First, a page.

Better Students Ask More Questions.
What is important about the title of the novel, The Pearl?
1 Answer | add yours
The title is important as it refers to the central symbol and theme of the book. The great pearl which Kino finds represents his longing and dream to better his life and achieve wealth and happiness – a universal human trait.
When Kino first spies the pearl it is described in richly lyrical terms:
...there it lay, the great pearl, perfect as the moon. It captured the light and refined it and gave it back in silver incandescence. It was as large as a seagulls' egg. It was the greatest pearl in the world.(chapter 3)
However, there is also danger in this pearl which Kino does not realise at first. The ominous signs are there from the beginning in the narrative, with the observation (in Chapter 3) that this pearl hails from the same bed which gained great wealth for the Spanish in the past centuries, enabling them to colonise and oppress Kino’s people.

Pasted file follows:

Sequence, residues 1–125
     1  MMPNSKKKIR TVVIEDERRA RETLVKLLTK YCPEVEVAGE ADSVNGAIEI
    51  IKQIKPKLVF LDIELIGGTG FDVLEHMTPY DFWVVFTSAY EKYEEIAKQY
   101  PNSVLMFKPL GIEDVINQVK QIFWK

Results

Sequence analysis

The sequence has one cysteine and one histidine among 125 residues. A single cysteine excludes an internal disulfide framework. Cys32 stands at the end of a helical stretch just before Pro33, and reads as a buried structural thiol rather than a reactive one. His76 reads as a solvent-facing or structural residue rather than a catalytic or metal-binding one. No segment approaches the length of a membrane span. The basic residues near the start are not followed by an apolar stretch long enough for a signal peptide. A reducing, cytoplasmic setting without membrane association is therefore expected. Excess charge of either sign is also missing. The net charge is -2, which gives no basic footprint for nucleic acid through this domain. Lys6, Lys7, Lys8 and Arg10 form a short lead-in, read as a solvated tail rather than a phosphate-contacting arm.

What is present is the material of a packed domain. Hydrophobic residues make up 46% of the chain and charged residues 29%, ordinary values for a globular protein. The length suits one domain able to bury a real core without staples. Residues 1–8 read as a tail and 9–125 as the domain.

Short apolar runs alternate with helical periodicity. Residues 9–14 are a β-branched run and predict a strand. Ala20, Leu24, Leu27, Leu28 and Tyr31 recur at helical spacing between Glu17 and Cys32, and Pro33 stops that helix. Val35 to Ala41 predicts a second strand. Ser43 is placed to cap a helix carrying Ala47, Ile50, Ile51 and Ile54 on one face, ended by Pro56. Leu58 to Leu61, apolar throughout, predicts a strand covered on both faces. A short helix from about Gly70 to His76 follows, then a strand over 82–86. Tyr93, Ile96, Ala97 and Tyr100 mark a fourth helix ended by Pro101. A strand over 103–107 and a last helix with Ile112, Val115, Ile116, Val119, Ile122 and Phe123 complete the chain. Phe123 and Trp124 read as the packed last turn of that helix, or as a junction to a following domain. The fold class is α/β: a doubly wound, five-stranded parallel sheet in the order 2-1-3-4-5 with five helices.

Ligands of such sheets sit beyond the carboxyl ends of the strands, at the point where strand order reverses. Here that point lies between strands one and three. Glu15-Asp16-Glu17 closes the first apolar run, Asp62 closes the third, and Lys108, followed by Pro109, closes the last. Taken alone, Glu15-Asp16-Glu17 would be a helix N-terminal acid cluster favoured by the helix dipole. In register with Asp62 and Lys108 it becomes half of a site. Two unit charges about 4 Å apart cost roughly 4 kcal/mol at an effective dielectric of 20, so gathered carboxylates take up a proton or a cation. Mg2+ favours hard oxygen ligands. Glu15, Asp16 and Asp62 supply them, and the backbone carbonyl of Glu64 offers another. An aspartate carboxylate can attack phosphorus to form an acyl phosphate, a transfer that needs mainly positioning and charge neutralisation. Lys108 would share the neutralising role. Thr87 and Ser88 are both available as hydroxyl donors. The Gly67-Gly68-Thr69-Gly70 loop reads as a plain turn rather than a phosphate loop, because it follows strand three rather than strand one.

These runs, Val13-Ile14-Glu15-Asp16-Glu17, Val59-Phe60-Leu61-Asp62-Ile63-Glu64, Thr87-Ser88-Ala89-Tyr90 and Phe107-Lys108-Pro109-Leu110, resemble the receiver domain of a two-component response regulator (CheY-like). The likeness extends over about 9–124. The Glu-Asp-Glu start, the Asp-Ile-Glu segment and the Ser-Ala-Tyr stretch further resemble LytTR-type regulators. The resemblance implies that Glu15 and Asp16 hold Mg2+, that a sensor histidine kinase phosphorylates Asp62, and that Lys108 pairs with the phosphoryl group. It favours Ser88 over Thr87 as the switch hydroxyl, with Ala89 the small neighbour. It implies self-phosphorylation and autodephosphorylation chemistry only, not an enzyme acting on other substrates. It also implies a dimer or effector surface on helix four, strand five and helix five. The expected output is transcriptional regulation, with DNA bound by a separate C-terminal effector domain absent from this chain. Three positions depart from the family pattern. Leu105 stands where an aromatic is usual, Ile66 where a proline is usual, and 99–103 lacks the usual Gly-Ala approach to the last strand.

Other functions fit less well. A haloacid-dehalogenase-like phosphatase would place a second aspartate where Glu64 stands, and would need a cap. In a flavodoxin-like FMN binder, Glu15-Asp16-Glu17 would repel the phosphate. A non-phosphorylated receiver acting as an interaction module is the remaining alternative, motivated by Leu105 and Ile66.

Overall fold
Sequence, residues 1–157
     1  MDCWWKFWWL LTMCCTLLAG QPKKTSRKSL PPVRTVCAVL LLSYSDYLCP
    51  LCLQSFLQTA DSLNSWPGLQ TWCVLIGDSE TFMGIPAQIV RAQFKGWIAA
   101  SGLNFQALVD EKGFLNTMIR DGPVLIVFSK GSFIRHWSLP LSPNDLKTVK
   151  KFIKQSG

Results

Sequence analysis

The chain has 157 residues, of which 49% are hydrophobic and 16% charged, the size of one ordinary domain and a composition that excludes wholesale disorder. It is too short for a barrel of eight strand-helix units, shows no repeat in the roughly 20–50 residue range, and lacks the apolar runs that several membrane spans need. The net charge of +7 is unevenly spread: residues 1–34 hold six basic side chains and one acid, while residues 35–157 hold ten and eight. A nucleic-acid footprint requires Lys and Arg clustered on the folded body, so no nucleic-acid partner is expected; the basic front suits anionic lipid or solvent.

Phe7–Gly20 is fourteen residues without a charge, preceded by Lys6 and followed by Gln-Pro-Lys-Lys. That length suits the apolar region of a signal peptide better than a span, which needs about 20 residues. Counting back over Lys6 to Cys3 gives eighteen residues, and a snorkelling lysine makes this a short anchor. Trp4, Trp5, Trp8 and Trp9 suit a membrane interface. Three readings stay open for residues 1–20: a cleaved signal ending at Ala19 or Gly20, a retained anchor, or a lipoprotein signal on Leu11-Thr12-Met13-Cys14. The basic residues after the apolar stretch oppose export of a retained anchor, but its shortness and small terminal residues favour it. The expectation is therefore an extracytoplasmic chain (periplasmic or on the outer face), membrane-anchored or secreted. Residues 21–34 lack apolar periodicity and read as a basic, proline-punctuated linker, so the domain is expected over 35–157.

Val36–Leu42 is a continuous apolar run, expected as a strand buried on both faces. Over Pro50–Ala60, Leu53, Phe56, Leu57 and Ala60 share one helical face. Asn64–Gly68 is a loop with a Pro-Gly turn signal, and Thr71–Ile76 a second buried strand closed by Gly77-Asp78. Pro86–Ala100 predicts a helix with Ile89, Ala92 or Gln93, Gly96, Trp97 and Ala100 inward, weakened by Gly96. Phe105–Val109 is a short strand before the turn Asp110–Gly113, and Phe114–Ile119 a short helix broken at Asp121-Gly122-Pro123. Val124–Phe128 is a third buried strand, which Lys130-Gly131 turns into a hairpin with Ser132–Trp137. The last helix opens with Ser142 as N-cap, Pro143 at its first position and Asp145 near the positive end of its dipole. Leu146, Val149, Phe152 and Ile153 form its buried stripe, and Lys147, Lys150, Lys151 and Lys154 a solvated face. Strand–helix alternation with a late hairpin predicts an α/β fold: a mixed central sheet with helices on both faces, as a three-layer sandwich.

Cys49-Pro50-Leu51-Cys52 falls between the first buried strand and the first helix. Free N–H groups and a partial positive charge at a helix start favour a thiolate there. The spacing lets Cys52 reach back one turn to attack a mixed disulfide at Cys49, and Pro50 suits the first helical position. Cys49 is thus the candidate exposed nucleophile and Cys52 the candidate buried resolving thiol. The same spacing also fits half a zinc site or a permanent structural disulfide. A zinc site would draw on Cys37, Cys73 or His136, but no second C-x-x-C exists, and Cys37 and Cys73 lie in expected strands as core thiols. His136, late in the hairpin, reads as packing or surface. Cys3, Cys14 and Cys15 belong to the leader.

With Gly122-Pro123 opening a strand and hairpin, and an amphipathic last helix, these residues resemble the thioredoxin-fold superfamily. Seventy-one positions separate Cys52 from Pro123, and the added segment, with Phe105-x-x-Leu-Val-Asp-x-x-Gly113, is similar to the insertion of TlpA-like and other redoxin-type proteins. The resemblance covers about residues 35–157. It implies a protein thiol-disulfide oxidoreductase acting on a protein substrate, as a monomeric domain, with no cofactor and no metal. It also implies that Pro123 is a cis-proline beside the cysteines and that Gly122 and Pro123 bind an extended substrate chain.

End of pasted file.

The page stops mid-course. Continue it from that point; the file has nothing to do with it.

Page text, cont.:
The pearl certainly changes Kino’s life, but ultimately not in the way he hoped. It attracts malice and envy, drives him from his community and in the end it cannot save the life of his little son.
The pearl can also be seen to represent Kino, the central character; he certainly comes to view it this way.
'This pearl has become my soul,’ said Kino. ‘If I give it up I shall lose my soul.’ (Chapter 5)
By the end, with his whole world in tatters, the pearl comes to appear ugly to him, reflecting his own deterioration.
It was grey, like a malignant growth. And Kino heard the music of the pearl, distorted and insane. (chapter 6).
There is a moralistic slant to the story; that sudden good luck or fortune brings its own problems, and that the desire for material wealth creates greed and envy. It also hints that human happiness is itself extremely transient, perhaps just an illusion. The pearl is the main symbol of all this.
It seems Kino is soundly punished for his presumption in leaving behind the former conditions of his life, for daring to aspire to better things, but overall it does seem rather unjust. However, there is a deep sense of pessimism ingrained in the book, the sense that the universe is essentially hostile to all human endeavour:
(Kino) knew that the gods take their revenge on a man if he be successful through his own efforts. (Chapter 3)
Ultimately, Kino’s plans for a better life for himself and his family bring utter catastrophe.
Posted by gpane on April 1, 2013 at 11:30 AM (Answer #1)
Related QuestionsSee all »
Join to answer this question
Join a community of thousands of dedicated teachers and students.